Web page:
Somehow he remembered a stash of cigs and where he hid his lighter. It was his bedroom and I honestly never thought to hide things. He had quit smoking 2 months ago and had been doing great at it. To this day I still blame myself.
He had some burns and the hospice told us that we should call an ambulance despite my father's wishes. When we were in the hospital, he started to forget who I was... or anything that was going on. The ER doctor told me that I could keep him there. That dealing with a dying person with dementia is hard for professional care takers emotionally and that he could not imagine what it was doing to me and my family.. I thanked him, but said I would please like to take my dad home... and a few hours later, I did.
All afternoon I sat with him. He randomly yelled... cursed. Talked more about getting to the island...telling us we were lying, he was never sick. He did not even remember the fire.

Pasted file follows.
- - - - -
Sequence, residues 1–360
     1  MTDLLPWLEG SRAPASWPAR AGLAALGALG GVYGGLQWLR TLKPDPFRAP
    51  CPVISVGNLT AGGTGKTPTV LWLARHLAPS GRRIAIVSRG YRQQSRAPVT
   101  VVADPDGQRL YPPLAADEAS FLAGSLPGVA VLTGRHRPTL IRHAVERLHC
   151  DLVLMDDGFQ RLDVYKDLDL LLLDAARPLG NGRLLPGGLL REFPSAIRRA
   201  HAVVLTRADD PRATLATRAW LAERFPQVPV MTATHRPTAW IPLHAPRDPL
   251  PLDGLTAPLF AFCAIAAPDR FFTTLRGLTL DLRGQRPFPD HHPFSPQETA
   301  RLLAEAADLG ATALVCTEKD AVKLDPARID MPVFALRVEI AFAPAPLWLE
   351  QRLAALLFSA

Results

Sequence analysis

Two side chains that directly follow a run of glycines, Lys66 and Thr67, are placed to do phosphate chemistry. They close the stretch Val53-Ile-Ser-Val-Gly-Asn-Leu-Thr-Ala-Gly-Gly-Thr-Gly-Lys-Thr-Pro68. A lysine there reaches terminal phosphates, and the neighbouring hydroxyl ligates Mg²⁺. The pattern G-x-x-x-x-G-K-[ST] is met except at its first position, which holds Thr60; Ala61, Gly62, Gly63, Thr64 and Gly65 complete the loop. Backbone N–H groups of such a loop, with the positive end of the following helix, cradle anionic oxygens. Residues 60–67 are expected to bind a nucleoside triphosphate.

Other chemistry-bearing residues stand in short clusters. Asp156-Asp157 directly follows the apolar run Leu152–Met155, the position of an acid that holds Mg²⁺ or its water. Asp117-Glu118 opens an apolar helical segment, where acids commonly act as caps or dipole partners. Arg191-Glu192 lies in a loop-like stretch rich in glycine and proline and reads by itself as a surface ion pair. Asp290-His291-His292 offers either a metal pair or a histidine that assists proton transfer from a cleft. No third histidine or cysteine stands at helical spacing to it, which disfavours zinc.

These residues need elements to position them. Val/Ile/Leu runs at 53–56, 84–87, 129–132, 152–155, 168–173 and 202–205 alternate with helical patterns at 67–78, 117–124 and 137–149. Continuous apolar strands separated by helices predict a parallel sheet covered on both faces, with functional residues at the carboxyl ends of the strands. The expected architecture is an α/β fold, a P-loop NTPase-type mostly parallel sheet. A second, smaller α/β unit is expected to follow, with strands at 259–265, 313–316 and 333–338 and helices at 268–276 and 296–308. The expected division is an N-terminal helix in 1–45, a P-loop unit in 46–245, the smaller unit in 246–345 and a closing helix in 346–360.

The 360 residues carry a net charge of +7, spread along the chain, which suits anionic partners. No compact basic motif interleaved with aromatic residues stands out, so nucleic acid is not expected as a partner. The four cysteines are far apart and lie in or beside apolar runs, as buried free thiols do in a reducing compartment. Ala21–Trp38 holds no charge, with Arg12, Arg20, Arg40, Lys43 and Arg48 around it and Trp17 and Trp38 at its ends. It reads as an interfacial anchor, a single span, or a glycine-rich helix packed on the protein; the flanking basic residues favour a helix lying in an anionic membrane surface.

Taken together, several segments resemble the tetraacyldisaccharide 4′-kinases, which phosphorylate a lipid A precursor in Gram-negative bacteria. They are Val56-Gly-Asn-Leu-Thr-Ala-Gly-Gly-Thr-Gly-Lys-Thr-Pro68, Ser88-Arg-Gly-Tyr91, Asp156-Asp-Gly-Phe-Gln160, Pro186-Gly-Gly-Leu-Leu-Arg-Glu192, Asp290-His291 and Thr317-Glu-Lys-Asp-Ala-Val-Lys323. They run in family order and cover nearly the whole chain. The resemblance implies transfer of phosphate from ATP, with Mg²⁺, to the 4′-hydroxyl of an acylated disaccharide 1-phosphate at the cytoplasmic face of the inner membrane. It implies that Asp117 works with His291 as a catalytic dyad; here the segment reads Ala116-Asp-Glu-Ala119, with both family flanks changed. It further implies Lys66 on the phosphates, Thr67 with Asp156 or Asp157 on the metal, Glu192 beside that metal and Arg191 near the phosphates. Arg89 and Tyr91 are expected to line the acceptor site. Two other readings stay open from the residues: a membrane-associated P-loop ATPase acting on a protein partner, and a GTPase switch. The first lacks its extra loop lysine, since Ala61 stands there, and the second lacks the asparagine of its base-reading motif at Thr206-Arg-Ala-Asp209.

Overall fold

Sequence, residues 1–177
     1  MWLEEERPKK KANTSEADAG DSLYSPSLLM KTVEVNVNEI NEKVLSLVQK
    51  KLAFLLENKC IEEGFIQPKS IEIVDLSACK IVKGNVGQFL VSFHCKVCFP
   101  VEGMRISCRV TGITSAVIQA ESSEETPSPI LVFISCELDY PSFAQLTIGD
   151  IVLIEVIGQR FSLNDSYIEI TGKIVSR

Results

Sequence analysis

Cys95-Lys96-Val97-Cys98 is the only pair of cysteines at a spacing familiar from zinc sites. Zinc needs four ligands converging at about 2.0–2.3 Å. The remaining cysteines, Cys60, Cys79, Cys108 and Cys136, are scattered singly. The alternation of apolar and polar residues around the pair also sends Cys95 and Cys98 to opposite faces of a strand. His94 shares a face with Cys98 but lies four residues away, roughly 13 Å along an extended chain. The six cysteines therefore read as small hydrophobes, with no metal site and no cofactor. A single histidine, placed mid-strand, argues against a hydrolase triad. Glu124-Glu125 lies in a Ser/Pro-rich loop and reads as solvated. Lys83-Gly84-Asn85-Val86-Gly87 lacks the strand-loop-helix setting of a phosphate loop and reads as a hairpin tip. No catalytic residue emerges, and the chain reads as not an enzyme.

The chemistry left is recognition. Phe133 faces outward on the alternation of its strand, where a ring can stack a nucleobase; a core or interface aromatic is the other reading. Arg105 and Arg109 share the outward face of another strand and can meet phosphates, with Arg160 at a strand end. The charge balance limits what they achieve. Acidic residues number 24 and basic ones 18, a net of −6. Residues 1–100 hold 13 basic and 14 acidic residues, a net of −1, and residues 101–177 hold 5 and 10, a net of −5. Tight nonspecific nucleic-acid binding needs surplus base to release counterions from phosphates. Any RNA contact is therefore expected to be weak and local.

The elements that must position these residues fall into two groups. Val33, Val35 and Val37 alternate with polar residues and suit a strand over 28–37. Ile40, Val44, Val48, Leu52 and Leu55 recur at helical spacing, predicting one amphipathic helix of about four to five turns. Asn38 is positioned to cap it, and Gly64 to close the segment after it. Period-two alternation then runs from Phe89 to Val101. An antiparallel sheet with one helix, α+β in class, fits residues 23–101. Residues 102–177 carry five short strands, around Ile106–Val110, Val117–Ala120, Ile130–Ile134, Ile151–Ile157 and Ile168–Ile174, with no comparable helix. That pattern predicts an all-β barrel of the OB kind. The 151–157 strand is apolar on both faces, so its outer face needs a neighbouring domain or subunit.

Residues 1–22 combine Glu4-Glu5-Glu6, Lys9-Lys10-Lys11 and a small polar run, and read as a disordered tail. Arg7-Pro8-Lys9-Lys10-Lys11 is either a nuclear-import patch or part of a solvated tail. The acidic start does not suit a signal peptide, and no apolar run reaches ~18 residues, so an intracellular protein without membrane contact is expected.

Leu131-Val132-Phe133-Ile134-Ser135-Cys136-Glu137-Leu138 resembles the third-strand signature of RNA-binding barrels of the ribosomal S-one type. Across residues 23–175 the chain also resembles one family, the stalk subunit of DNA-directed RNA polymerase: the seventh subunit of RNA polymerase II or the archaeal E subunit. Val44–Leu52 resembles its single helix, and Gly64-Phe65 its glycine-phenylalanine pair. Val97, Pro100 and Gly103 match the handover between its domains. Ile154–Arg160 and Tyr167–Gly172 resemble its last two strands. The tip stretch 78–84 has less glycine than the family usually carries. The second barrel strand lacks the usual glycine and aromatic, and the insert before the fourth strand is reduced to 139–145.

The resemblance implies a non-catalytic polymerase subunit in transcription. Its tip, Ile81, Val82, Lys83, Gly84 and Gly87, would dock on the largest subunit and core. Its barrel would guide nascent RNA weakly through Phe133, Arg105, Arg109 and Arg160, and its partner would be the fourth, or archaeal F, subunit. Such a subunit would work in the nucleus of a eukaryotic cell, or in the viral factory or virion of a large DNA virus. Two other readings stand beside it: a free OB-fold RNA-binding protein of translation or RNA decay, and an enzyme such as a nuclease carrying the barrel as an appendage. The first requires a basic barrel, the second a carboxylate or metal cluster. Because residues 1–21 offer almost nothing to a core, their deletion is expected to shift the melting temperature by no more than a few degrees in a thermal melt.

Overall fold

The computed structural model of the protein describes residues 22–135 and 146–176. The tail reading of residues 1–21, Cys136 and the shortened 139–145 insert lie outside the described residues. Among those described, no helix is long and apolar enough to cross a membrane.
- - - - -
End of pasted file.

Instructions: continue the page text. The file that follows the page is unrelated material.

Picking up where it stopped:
He finally fell asleep and I just broke down. I prayed..... for the first time in roughly 15 years
I just kept asking god.. I said whoever is listening... I know his body is destroyed. I know it. And I know that he can not be healed. I know it's his time... I know you have to take him.. But PLEASE...not like this. Please god... whoever is up there. Let his soul say goodbye to us. Please. Let us have him back. Please give us our goodbyes. Please god. I never ask you anything. Please give me this. Even if just a day...
This was Tuesday night.... I fell asleep in bed next to him. First time sleeping since Saturday really... I heard a voice..
"Maggie is Robbie ok.."
(Robbie is my son)
I thought it was my husband, and I started to reply and then the voice said..
"I don't know why I tried to smoke that last cigarate, I am sorry. Please tell me I didn't hurt Robbie..."
It was my dad!!!!
I jumped up and said Robbie is fine! We are all fine. Do you know where you are? He looked at me confused and said I am at home?